The Duchess of Sussex sat down with the feminist icon for a recent "backyard chat" hosted by Yahoo’s Makers Women, a brand that “accelerates the women’s movement”.
During the wide-ranging conversation, which took place outdoors seated at a wooden table, the pair touched on representation while discussing the possibility the United States will elect Kamala Harris to be vice president.
“We’ve been rescued by women of colour in all of our recent elections because of a vote of conscience and compassion,” Steinem said. “The heart of the Democratic party has been black women, actually, and now there is a potential Vice President who is black and that’s exciting.”
In response, Meghan said she is “so excited to see that kind of representation,” explaining how important it was for her growing up biracial to see someone who looks like her, whether it was a doll or someone in office.
“As many of us believe, you can only be what you can see. And in the absence of that, how can you aspire to something greater than what you see in your own world?” the duchess said, before asking Steinem whether she feels “hopeful”.
The duchess and women’s rights activist also spoke about the importance of voting and encouraging those in our lives to vote, and of concerns about voter suppression.
According to Meghan, who said she has been “really concerned about voter suppression,” she recently spoke with former Georgia gubernatorial candidate Stacey Abrams about what voters can do to combat intimidation tactics.
“I’ve been really concerned about voter suppression,” she said. “We can already see all the different challenges that we’re facing. I had the chance to speak with Stacey Abrams about this to try to get a better understanding of what to do, for example, if you’re a person of colour and you’re in line, for potentially hours on end, and during that time someone tries to intimidate you to tell you that you should get out of line because you might be under surveillance or any number of intimidation tactics that are so scary.
“And then you think: ‘You know, it’s not worth it.’ You decide to step out of line and relinquish your right to vote. That’s bad enough, but then there’s a ripple effect because whoever is in the back of the line says: ‘Whatever they did to them…I don’t want that to happen to me.’ That, I think, is so frightening.”
In response, Steinem said just discussing tactics of voter suppression will help people better prepare for it.
Later, while talking about feminism, Meghan revealed that Prince Harry is a feminist.
“As I’ve gotten older I’ve been able to understand that it’s not mutually exclusive to be a feminist and be feminine,” she said. “And to own that and harness your femininity and your identification as a woman in all of the different layers.”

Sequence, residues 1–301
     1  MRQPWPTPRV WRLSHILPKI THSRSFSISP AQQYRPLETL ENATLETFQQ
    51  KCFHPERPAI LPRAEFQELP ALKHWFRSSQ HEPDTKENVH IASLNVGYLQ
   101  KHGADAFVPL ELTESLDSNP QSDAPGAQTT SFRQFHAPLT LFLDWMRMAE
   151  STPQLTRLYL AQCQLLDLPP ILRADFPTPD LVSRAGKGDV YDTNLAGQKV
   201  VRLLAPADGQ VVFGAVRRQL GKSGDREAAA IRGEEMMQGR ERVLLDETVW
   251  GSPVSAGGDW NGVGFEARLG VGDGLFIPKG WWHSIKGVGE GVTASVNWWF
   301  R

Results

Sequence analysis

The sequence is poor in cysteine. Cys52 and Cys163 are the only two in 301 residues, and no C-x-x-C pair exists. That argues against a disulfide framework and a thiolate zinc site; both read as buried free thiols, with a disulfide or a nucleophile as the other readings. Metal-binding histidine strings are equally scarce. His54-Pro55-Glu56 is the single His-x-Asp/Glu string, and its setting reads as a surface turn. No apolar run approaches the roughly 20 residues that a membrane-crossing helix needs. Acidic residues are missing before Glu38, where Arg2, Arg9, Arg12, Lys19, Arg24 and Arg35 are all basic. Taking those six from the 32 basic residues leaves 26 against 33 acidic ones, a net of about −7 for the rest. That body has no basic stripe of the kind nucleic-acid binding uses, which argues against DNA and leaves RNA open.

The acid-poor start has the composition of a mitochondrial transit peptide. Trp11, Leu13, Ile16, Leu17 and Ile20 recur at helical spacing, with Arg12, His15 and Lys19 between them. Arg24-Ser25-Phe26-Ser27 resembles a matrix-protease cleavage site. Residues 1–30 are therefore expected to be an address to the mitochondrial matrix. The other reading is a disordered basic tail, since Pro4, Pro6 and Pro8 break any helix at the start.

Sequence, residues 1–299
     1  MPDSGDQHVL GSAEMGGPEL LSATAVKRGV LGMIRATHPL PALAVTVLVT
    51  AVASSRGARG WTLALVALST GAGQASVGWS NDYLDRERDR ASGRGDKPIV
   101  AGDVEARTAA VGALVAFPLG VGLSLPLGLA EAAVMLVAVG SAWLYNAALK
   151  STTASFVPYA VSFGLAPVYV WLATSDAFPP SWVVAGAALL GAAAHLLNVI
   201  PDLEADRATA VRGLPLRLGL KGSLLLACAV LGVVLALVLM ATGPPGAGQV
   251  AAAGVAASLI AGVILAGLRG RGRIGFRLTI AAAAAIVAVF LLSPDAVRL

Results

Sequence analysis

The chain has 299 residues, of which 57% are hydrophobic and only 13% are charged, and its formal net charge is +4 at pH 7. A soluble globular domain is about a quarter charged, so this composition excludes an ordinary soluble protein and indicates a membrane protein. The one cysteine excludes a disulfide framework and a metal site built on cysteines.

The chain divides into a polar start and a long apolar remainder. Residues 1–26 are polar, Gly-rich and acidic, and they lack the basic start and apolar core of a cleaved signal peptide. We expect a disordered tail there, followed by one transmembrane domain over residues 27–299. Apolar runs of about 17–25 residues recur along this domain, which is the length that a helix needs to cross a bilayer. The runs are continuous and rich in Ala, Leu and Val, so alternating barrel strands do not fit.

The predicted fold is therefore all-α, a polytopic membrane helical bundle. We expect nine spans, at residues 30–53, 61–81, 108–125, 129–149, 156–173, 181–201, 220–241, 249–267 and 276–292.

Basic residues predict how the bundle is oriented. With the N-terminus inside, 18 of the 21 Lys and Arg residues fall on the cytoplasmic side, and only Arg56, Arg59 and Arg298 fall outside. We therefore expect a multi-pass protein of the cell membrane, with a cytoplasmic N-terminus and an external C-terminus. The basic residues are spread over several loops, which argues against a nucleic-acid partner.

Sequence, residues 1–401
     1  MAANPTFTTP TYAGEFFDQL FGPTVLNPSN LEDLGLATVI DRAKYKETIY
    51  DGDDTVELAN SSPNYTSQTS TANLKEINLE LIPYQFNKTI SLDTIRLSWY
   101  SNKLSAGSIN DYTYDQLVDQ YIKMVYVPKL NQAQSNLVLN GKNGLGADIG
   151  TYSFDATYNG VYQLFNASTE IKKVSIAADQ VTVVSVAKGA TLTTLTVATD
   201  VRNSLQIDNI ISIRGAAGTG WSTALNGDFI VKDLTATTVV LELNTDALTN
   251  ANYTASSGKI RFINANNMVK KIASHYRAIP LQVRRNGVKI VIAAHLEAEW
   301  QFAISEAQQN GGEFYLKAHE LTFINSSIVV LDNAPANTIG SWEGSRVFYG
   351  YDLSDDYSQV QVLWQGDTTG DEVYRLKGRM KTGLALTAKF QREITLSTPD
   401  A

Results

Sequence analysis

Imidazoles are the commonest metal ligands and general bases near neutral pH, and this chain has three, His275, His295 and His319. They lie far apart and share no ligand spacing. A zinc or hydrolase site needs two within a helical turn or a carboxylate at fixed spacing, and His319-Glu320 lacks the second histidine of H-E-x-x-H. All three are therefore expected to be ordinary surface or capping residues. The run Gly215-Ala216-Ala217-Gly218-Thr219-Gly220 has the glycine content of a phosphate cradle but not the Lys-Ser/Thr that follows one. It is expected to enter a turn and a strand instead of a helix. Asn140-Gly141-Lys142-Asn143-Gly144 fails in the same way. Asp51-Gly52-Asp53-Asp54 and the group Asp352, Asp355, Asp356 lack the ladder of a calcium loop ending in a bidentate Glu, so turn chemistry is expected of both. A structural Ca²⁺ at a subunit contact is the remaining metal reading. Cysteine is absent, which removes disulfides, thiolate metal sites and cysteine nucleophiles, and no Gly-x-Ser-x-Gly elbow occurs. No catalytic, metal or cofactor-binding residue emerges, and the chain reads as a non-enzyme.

After Steinem pointed out that you can be “a feminist and be masculine and a guy,” the duchess referenced her husband Prince Harry as proof.
“Like my husband! I love that when he just came in he said: ‘You know that I’m a feminist too, right Gloria?! It’s really important to me that you know that,” Meghan recalled.
The duchess also discussed the impact Prince Harry’s feminism will have on the couple’s son Archie, who will “grow up with a father who is so comfortable owning that as part of his own self-identification.”
“That there’s no shame in being someone who advocates for fundamental human rights for everyone, which of course includes women,” she added.
Steinem responded: “And also that he is a nurturing father. Because then your son will grow up knowing it’s okay to be loving and nurturing.”
Meghan, who wore a pair of $249 white striped pants by Anine Bing, a simple white T-shirt, and a $356 straw hat by Janessa Leone, concluded the conversation thanking Steinem for her “wisdom and inspiration”.
“Gloria, I couldn’t have asked for a better day. This is so important. The next two months are so important,” she said.
“If you don’t vote, you don’t exist,” the duchess wrote in the introduction. “These words from Gloria Steinem have stuck with me since she first spoke them during this conversation.”
Meghan also reiterated her belief “that we vote to honour those who came before us and to protect those who come after us,” adding: “Ms Steinem, my friend Gloria, is one of the women I honour when I vote.”
“I hope you enjoy our conversation as much as I did and that it allows you to reflect on who inspires you to vote as we approach this upcoming election,” Meghan said. “Your voice matters. Please use it.”
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